Why had the Awoken been spared mortality? Were they, as the Sanguine preached, rewarded for their bravery and fidelity in a past existence? Or were the Eccaleists right? Could all the gifts of the Distributary, all the milk-bright stars above, all the years of Awoken life, be a form of cowardice? Was there an unfought battle down in the center of the Awoken soul? A duty yet to be discharged?
Queen Nguya Pin restored the monarchy to prominence over the Gensym Scribes. This she accomplished after a fateful visit, upon the day of the summer solstice, by a hooded and masked woman who some whispered was Mara Sov and others, the long-vanished Diasyrm. For nine and ninety years (a rhetorical figure meaning a long time), the Queen had been an authority only in the arts and matters spiritual. However, Queen Nguya Pin declared she was now an avowed Eccaleist and that the Queen would lead the quest to identify whatever debt the Awoken owed the cosmos. It was time to pursue a dream beloved to all Awoken: the conquest of space and the assessment of the true shape and age of their universe.
The ancient court of the Queen gave the Gensym Scribes a place to lay down their pride and act as equals. Soon the greatest engineers in the world assembled in the Queen's court, and whatever wealth or resources they required flowed freely. Great cataracts of men and women spilled around the palace screaming of ramjets and apoapses deep into the night, then awakening to pots of thick black coffee to mumble about metric tensors and cosmic microwave anisotropy.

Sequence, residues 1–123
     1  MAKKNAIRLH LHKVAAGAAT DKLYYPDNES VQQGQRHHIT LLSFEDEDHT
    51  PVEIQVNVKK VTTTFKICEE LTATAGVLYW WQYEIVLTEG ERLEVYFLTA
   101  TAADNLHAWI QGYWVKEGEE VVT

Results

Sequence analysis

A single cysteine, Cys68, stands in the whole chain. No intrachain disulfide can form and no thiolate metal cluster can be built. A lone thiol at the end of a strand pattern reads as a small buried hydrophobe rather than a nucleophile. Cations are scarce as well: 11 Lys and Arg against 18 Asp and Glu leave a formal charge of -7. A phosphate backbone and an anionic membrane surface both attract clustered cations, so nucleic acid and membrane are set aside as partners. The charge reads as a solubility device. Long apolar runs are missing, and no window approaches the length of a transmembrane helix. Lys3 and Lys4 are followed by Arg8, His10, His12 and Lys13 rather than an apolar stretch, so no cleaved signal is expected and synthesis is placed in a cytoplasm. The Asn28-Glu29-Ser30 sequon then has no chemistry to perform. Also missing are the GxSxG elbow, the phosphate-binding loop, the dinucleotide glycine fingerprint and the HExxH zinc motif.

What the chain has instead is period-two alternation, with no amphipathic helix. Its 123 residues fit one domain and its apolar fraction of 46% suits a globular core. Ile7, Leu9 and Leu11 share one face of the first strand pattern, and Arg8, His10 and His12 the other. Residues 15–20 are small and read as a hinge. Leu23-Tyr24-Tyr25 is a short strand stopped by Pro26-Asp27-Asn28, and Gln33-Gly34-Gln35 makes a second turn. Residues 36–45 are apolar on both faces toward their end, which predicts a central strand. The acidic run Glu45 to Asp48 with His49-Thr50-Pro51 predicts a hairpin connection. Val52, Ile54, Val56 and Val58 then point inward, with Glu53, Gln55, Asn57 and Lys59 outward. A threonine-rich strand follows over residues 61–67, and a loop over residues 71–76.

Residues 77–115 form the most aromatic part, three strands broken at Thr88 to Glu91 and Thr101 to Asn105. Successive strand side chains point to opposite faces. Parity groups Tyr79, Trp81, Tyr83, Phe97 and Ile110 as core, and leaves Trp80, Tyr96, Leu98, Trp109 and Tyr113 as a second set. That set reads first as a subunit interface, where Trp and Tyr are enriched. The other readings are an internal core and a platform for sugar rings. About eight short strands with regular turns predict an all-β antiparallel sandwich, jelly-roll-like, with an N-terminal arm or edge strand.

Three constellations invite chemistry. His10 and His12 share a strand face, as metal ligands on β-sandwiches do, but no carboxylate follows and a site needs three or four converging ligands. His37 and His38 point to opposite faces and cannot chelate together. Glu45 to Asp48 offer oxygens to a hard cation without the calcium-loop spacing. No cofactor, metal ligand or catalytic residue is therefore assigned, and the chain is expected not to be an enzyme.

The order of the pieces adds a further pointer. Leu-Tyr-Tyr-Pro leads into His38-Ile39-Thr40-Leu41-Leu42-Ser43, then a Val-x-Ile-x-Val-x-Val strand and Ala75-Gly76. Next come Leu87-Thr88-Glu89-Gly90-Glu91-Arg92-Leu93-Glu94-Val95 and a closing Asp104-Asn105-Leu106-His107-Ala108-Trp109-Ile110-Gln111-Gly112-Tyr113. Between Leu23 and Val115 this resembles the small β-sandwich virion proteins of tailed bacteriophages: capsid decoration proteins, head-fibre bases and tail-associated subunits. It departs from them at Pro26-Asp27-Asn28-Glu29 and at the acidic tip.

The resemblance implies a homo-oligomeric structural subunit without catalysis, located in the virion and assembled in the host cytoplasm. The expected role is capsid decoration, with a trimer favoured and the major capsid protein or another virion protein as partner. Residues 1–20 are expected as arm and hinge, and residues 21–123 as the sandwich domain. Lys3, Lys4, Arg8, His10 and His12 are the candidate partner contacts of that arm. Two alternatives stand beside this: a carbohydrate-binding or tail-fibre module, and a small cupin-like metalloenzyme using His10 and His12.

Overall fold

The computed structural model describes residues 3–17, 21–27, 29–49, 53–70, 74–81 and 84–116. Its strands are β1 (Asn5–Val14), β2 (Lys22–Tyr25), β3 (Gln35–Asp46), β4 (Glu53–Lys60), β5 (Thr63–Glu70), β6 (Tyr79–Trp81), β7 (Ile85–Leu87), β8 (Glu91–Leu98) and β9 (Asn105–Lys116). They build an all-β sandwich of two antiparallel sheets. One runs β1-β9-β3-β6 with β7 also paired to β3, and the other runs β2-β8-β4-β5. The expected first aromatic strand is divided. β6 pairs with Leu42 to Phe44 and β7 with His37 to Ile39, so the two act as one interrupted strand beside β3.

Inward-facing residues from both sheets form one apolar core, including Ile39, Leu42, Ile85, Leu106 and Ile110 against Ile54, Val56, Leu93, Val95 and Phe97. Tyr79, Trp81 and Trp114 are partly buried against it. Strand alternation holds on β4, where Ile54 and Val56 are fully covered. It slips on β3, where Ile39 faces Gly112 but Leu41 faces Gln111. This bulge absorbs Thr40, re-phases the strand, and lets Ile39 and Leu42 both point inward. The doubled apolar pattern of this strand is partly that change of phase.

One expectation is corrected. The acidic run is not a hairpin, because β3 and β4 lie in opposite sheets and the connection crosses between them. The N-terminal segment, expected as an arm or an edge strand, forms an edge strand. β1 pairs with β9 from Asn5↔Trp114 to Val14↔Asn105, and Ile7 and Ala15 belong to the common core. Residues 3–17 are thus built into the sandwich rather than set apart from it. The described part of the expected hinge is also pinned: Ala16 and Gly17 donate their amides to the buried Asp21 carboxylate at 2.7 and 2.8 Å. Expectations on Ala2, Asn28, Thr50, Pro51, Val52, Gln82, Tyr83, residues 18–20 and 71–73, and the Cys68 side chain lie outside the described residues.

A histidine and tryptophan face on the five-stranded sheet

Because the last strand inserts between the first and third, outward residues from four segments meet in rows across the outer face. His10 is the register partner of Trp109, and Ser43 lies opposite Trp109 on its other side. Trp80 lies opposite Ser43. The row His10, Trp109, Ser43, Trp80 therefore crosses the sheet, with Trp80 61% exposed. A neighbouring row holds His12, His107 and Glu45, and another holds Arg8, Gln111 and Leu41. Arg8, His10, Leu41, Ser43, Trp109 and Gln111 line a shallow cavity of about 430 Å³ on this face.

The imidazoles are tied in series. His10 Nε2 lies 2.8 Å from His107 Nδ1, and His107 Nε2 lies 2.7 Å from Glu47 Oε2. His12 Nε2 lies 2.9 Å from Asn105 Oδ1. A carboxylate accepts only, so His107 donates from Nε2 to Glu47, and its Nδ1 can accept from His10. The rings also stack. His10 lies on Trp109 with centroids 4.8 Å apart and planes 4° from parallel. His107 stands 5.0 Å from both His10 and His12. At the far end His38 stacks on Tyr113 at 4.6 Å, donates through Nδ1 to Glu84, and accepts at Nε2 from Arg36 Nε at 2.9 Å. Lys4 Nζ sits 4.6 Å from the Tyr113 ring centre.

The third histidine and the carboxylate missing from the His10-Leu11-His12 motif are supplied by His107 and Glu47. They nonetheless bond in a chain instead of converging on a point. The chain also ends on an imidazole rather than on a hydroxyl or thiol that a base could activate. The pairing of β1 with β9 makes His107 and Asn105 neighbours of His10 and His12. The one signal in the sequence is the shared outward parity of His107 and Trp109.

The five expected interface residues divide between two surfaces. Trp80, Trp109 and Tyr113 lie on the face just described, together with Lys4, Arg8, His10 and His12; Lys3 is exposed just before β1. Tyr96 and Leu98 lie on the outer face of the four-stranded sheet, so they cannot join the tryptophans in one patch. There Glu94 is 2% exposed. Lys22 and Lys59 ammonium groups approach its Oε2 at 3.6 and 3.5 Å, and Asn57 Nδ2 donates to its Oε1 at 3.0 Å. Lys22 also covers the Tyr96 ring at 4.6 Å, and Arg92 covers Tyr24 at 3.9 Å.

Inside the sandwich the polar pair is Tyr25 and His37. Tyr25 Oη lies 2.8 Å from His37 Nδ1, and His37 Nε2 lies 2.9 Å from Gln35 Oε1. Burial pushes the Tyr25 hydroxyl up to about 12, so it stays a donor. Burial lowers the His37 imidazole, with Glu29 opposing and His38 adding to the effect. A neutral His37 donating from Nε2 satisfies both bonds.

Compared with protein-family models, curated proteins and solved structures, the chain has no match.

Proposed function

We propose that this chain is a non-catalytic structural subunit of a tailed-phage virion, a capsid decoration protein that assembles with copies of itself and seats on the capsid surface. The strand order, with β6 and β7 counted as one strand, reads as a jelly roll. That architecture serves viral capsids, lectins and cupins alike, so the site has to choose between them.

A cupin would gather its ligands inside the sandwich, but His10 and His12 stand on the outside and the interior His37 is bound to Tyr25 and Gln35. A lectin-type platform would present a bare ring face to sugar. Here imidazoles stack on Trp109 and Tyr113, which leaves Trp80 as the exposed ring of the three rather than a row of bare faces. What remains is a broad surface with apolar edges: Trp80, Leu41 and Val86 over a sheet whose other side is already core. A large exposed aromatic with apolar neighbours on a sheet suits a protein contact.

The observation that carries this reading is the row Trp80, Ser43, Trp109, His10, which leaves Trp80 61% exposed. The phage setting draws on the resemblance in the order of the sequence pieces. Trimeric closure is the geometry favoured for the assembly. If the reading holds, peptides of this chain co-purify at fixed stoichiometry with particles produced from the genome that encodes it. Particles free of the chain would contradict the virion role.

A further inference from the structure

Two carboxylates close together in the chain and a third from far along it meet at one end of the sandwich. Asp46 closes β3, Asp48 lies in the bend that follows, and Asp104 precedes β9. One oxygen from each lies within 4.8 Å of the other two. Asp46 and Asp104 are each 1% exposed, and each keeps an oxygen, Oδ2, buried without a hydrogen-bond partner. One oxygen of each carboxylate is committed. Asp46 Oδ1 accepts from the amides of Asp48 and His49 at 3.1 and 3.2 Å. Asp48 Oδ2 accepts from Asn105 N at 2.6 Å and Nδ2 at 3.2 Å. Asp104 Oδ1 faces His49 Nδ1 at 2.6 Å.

Into this feast of ideas came Sjur Eido, searching for the woman who had turned Queen Pin to Eccaleism. Sjur smoldered with an ancient fury, for another thing that the immortal may nurture is everlasting vendetta.
Sjur Eido deduced who among the Queen's court must be a disguised Mara Sov. She followed the hooded figure to her laboratory and watched Mara go to work soldering a makeshift bolometer to search for signs of primordial gravity waves. Sjur Eido's fury and grief whetted themselves against Mara's thoughtless grace and ancient beauty, until at last her heart unseamed itself and spilled its hot blood in a shout. "Mara Sov!" she cried, throwing down her maltech matter laser between them. "I cannot live while you live, but I cannot bear to kill you. I challenge you to a duel to the agony. I will fight your most beloved companion to the death and leave you forever maimed or else die in the attempt."
Mara could not refuse this challenge. She summoned Uldren, and with a ruthlessness she was no longer frightened to wield, she told Uldren that he would stand for her in battle to the death against Sjur Eido.
"We cannot put it all upon a single fight," Uldren said to the ancient vendetta-bearer. "Too much would be left to chance. Such an old grudge deserves to be tested well. I propose we fight with blade, with rifle, and with fifth-generation air superiority fighters."
Sjur Eido accepted these terms.
Now it came to pass that Esila, daughter of Sila, recognized the scent of Sjur Eido, for smell lies deepest in memory. Esila spoke to Queen Nguya Pin about the presence of an ancient hero in her court. While Queen Pin pondered how to honor this visitor—and simmered over the insult of Sjur's unannounced presence—a spy brought word of Sjur Eido's intentions to the Gensym Scribes.